100 days in office: VP Kamala Harris says she 'believes in America' in 'GMA' interview

Watch Vice President Kamala Harris' exclusive interview with 'GMA' in the media player below.

KFSN logo
Thursday, April 29, 2021
VP Kamala Harris says she 'believes in America' in 'GMA' interview
After 100 days in office, Vice President Kamala Harris spoke to 'GMA' about the southern border, race relations and her optimism for the U.S.

WASHINGTON -- After 100 days in office, Vice President Kamala Harris said the Biden administration is "optimistic and believes in America."

"We're going to bet on Americans and America every day," Harris said in an exclusive interview on "Good Morning America" Thursday following President Joe Biden's speech to a joint session of Congress.

During that address, Harris and House Speaker Nancy Pelosi made history as the first women to share the stage in Congress during a presidential address.

Yet the vice president on Thursday said her main takeaway was how Biden's words and actions "rallied the country."

"We are competitive by nature. We believe in investing and working people. That is how we have grown our economy. That is how we've grown our standing around the world, and this is a president who's prepared to continue to invest knowing the great potential and the great role of leadership our country plays in the world," she said.

MORE: Fact-checking President Biden's joint address to Congress

President Joe Biden detailed topics including the COVID-19 pandemic, foreign policy, the American Rescue Plan and more in his first address to a joint session of Congress.

The president's specific proposals -- like his pandemic response and tax hikes for corporate profits -- are broadly popular, according to a new ABC News/Washington Post poll. Yet 53% polled expressed "concern that Biden will do too much to increase the size and role of government," and 60% prefer to see the Democratic president try to win Republican support by making major changes to his proposal.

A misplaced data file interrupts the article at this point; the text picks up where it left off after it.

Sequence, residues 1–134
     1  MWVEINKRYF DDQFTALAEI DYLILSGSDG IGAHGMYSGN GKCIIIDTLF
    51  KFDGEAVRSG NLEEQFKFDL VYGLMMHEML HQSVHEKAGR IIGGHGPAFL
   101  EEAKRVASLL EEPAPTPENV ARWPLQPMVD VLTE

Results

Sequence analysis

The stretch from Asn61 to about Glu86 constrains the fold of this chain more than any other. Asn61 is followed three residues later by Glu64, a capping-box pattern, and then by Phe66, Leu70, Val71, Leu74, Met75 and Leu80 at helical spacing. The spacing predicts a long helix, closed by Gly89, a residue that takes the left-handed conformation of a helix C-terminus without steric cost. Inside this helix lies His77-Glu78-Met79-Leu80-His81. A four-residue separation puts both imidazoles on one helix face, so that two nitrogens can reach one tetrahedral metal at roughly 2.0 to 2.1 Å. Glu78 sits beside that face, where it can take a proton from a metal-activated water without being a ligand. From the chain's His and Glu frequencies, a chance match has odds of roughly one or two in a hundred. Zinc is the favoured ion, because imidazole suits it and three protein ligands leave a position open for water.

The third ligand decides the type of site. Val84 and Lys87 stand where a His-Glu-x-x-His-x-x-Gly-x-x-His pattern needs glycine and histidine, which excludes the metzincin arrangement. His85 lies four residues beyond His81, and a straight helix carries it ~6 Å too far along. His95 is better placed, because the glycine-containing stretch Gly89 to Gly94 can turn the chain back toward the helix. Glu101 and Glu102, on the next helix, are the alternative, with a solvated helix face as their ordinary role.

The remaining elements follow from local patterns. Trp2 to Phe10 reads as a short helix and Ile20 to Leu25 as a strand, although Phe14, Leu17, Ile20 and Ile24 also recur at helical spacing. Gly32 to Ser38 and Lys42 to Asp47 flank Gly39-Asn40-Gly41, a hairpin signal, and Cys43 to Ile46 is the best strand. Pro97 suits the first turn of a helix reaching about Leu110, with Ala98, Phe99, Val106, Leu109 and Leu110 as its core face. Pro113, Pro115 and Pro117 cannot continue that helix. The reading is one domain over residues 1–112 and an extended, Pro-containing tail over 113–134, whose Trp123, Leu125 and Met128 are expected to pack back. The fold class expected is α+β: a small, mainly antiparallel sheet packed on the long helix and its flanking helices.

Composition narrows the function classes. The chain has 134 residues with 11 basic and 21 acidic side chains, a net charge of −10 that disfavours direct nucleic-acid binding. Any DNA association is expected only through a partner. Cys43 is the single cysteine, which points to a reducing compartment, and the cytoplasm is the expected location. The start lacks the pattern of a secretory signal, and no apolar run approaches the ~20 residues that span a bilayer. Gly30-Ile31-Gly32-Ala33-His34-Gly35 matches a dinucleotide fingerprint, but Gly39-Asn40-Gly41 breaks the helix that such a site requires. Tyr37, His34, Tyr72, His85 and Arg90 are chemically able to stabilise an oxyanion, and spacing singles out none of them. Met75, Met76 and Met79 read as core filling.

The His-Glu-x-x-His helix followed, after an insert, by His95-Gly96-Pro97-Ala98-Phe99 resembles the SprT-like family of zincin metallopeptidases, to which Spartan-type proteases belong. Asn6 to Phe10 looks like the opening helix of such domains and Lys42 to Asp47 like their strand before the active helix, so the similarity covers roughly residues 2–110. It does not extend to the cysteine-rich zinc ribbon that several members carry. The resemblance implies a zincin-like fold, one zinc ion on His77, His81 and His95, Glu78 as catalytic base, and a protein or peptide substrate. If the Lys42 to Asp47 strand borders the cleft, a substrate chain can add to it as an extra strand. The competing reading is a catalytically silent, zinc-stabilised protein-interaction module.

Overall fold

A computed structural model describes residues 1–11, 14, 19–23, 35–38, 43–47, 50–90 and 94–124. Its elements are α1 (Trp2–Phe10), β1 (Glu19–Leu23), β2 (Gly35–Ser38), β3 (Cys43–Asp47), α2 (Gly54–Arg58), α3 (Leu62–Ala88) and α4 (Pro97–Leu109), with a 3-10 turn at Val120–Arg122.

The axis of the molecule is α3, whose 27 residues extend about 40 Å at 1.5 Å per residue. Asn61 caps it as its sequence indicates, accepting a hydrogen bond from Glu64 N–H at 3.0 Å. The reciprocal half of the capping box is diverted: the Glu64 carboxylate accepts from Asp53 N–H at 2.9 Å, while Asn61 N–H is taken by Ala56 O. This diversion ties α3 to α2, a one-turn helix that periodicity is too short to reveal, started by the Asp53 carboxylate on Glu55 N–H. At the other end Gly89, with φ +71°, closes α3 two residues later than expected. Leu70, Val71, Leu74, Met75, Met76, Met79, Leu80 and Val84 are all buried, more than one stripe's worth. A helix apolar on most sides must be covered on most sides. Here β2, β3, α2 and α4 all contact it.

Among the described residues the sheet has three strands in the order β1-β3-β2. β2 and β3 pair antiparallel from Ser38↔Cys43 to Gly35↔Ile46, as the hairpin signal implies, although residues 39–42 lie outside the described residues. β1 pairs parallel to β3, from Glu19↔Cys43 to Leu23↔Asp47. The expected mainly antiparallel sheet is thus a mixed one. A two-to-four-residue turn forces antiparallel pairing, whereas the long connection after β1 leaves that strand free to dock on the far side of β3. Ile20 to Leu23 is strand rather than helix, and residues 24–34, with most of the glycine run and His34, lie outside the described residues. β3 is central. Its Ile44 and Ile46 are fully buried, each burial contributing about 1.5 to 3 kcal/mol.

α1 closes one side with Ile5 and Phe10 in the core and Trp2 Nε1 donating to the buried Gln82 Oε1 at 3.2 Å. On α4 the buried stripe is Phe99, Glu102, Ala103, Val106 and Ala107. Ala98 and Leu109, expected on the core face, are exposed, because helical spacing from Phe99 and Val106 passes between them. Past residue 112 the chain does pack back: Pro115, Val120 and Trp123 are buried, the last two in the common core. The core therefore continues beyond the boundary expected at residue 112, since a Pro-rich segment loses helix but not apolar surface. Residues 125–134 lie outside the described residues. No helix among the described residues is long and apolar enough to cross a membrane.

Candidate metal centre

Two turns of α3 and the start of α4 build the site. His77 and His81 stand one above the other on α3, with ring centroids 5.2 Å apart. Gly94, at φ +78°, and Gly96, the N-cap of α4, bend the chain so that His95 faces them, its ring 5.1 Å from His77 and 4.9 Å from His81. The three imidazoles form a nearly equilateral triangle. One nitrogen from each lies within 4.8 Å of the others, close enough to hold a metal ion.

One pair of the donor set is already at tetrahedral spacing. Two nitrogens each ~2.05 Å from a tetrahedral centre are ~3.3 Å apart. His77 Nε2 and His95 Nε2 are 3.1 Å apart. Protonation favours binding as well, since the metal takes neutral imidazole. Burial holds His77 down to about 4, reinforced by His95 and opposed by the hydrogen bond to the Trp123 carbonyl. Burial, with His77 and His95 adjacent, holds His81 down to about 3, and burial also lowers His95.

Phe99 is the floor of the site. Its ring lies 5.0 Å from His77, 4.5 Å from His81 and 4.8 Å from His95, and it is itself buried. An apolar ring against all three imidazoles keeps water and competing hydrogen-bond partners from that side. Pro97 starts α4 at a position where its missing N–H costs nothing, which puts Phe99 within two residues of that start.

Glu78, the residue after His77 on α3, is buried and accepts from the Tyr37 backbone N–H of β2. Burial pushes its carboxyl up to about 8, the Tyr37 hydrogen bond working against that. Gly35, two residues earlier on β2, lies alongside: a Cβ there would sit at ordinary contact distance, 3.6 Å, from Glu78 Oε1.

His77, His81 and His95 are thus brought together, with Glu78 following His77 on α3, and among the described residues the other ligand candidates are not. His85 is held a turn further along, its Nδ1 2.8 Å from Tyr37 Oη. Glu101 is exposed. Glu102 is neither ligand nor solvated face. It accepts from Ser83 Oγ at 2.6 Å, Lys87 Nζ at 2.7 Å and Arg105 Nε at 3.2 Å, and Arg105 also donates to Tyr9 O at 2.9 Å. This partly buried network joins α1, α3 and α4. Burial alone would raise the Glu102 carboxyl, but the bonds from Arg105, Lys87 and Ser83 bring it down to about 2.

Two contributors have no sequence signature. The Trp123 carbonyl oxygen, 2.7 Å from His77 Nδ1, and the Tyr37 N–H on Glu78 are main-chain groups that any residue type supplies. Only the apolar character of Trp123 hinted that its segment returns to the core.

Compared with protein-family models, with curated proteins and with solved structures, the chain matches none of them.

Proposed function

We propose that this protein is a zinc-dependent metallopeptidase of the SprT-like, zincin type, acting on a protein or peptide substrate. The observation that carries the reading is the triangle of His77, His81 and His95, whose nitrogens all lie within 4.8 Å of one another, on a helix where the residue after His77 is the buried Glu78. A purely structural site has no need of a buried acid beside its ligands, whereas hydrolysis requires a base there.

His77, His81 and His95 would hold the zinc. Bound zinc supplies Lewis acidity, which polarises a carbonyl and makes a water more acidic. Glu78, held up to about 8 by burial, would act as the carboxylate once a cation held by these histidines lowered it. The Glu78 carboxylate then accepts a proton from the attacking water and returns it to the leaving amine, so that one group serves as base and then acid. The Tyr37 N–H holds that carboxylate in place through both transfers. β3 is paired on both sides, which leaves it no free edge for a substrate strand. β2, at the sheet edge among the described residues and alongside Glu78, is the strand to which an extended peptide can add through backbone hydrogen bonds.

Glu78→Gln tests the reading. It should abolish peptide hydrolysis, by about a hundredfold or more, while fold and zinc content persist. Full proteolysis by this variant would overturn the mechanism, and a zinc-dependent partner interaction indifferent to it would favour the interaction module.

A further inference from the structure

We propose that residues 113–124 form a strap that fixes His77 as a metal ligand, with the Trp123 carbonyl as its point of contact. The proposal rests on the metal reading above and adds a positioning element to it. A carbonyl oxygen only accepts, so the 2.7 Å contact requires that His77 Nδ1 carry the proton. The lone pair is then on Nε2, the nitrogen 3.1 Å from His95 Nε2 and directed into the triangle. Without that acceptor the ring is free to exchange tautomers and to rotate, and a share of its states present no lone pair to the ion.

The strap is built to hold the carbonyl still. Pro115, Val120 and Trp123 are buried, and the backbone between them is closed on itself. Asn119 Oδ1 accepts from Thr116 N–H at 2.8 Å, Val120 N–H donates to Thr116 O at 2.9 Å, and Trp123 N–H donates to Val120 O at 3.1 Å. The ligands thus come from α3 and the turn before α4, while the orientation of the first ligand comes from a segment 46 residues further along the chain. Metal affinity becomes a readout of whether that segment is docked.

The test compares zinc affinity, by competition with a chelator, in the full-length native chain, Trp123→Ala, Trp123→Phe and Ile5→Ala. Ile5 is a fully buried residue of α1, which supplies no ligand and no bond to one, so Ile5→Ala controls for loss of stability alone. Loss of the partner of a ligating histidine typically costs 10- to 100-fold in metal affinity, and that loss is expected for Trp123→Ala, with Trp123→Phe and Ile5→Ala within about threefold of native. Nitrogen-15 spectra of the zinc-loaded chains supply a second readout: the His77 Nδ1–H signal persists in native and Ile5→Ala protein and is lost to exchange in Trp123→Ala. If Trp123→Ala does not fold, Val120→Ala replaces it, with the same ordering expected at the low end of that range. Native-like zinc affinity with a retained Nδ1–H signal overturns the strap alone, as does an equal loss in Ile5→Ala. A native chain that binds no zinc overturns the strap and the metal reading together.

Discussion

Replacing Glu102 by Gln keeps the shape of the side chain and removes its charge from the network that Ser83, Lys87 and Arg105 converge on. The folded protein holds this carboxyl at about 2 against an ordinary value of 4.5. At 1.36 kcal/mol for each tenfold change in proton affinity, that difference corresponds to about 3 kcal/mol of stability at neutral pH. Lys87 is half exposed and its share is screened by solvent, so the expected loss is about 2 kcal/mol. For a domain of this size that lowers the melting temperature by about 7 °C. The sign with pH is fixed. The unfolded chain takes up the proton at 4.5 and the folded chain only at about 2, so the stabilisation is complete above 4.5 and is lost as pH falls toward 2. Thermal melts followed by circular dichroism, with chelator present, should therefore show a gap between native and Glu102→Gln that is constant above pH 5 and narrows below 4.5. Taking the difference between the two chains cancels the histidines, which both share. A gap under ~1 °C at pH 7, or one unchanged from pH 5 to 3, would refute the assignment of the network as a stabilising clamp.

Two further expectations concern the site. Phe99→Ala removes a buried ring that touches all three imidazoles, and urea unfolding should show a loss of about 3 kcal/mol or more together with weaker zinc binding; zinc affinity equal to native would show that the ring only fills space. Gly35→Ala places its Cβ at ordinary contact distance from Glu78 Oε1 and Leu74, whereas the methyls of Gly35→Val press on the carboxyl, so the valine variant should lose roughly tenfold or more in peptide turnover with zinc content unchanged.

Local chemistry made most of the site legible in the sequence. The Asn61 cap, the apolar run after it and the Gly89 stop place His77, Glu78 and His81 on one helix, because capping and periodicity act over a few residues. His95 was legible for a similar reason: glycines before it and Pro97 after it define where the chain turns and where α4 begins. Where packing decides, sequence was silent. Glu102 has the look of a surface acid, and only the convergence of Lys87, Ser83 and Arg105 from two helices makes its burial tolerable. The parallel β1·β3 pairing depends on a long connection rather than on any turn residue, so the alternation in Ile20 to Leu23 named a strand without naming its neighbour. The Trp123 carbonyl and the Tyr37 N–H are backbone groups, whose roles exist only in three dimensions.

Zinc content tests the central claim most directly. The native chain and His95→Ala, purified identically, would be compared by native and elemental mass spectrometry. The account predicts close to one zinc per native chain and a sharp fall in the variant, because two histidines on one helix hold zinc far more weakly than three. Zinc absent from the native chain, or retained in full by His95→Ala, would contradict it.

Biden has recently proposed $2.3 trillion in spending to rebuild roads and bridges, expand broadband access and launch other infrastructure projects.

Harris said that the Biden administration is meeting with lawmakers from both sides of the aisle on the infrastructure plan and is taking their ideas seriously.

"We're very sincere in our hope that we can reflect the bipartisan nature of the American people on these issues," she said.

On immigration and the southern border

On immigration, Harris has been hammered from the left and right as she's taken on her new role addressing the root causes of migration at the southern border. Biden did not address the border crisis in his speech last night.

While Republicans have criticized Biden and Harris as absent on the issue because they haven't visited the border yet, progressive immigration groups complain the administration hasn't done enough to push for a pathway to citizenship for undocumented immigrants.

When asked about specific plans for addressing this issue, she brought up migrants' intentions for crossing the border. She said she wants to give these people "some hope, that if they stay, help is on the way."

She also said she's been convening members of Biden's Cabinet, including Secretary of Commerce Gina Raimondo and Secretary of Agriculture Tom Vilsack, to address specific needs in the Central American countries that migrants leave.

Race in America

In his rebuttal address representing the Republican Party, Sen. Tim Scott suggested that Democrats are wielding race as "a political weapon."

"Hear me clearly: America is not a racist country," said Scott, the Senate's only Black Republican.

Asked Thursday about Scott's comment, Harris told "GMA," "No, I don't think America is a racist country but we also do have to speak truth about the history of racism in our country."

She added: "One of the greatest threats to our national security is domestic terrorism manifested by white supremacists. These are issues that we must confront, and it does not help to heal our country, to unify us as a people, to ignore the realities of that."

The Associated Press contributed to this report.